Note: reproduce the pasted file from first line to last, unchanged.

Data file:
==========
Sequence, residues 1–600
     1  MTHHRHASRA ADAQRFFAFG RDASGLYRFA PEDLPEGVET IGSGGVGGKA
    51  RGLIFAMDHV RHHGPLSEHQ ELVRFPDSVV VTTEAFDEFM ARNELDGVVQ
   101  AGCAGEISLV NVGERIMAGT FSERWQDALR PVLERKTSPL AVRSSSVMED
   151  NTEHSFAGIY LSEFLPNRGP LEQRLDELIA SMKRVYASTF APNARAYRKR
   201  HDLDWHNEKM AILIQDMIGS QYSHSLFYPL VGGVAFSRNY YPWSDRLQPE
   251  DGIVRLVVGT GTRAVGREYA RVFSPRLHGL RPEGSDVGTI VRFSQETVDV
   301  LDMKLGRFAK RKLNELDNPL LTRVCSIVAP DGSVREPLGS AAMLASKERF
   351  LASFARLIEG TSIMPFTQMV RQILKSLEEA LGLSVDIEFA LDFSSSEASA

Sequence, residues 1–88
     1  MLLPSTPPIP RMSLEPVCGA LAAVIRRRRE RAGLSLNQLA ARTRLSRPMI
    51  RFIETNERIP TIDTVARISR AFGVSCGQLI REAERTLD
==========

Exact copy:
Sequence, residues 1–600
     1  MTHHRHASRA ADAQRFFAFG RDASGLYRFA PEDLPEGVET IGSGGVGGKA
    51  RGLIFAMDHV RHHGPLSEHQ ELVRFPDSVV VTTEAFDEFM ARNELDGVVQ
   101  AGCAGEISLV NVGERIMAGT FSERWQDALR PVLERKTSPL AVRSSSVMED
   151  NTEHSFAGIY LSEFLPNRGP LEQRLDELIA SMKRVYASTF APNARAYRKR
   201  HDLDWHNEKM AILIQDMIGS QYSHSLFYPL VGGVAFSRNY YPWSDRLQPE
   251  DGIVRLVVGT GTRAVGREYA RVFSPRLHGL RPEGSDVGTI VRFSQETVDV
   301  LDMKLGRFAK RKLNELDNPL LTRVCSIVAP DGSVREPLGS AAMLASKERF
   351  LASFARLIEG TSIMPFTQMV RQILKSLEEA LGLSVDIEFA LDFSSSEASA

Sequence, residues 1–88
     1  MLLPSTPPIP RMSLEPVCGA LAAVIRRRRE RAGLSLNQLA ARTRLSRPMI
    51  RFIETNERIP TIDTVARISR AFGVSCGQLI REAERTLD